"Peter. You are NOT an Ironman," Mike Reilly would shout over the amplifiers. I would hang my head dejected. And I felt that the whole time. Like a cheater, pretending to be a triathlete. I'm a slow swimmer. I'm a slow biker. I'm good at running, but not on tired legs. My training was stupid. Just calorie burning, really, with no goal. "Junk miles" as they're called. I shouldn't be here, I'm just humiliating myself by even trying.

But I didn't stop. I flared my cape, pumped my fist, and shouted at people. I powerwalked like a boss, ignoring the devastating pain in my body. My feet were on fire. My stomach hated me. My head ached abominably. But still, the image I put on was, "I f@#king own this. I am an Ironman! I'm not walking, I'm strutting."

Even though I can't really express how brutally long I was out there for, counting down tenths of miles on my dying watch, it doesn't matter. Because my brain refuses to remember now either. All it remembers is that approach to the finish. Out of nowhere I felt amazing. I ran the last couple of minutes, and I felt zero pain. Just ecstatic zeal.

I was shouting. I was cheering. I high-fived every single person who stuck their hands out. I was running with my cape flaring out behind me, my glowstick bouncing around my throat. I felt invincible. Over 15 hours of torture were wiped away from my mind as I charged through Tremblant Resort, the streets narrow with the press of screaming spectators. I hit the red carpet and picked up my pace.

I crossed the finish lines, my face nearly splitting with my grin as my hands flew over my hand. And Mike spoke those words on the loudspeaker.


Check me out in all my glory.

And in that moment I felt it. All of the self-hatred, all of the doubt, all of the guilt... vanished. I had just done something unbelievable and incredible. I had suffered a tremendous amount of brutal pain and exhaustion and survived. It's not something just anyone can do. I was one of a tiny segment of the population to cross the finish line of an Ironman. And no matter what I thought of my training, the fact is I made it from the start to the finish: 2.4 miles of swimming, 112 miles of biking, and 26.2 miles of running (and walking).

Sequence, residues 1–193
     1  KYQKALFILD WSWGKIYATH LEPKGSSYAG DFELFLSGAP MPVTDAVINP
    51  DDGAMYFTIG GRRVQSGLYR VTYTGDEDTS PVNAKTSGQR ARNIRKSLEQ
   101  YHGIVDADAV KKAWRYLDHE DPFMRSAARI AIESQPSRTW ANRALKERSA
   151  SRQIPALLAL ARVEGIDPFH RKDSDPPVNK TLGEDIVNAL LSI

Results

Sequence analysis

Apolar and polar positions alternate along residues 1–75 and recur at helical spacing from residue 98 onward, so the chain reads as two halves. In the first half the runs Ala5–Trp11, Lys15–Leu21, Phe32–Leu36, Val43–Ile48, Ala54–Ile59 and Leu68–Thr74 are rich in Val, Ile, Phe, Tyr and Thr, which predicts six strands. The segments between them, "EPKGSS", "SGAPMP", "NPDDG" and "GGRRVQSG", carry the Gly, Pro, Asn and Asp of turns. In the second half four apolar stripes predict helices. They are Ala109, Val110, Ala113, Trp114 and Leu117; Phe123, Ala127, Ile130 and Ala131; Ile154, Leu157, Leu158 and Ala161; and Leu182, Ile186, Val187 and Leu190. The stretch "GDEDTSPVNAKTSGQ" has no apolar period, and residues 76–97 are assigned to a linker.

If you've read up to this point, you know it's not easy. By far the biggest challenge was in my mind and my spirit. The fact is the body can handle pretty much anything you force it to do. But you're the one who has to tell your body, "don't quit. Don't give up. I don't care how much you hurt. Keep going!" And you have to do that hour after hour after hour. It's a constant struggle of will, and a struggle very very few people volunteer for.

And that's it. It's done. I'm an Ironman. It still feels weird to say it. After having it hanging over my head for many months, after doubting and struggling and second-guessing myself, suddenly it's over. I made it. I have the t-shirt and medal to prove it.

Many folks have asked me if I'll do another one. I kept telling people that it was "one and done." And during the race, I definitely felt that. During the many many hours on the bike and run, I kept telling myself, "never again. Never again." But the brain is weird. It wipes out those horrible memories, and quite effectively. I just remember that last incredible minute crossing the finish line, as if nothing before it mattered. And a small part of me.... A very small part.... is thinking.... "maybe."

That's it. We're on vacation in Mont Tremblant through the week, and we're just going to be lazy vegetables. It's awesome.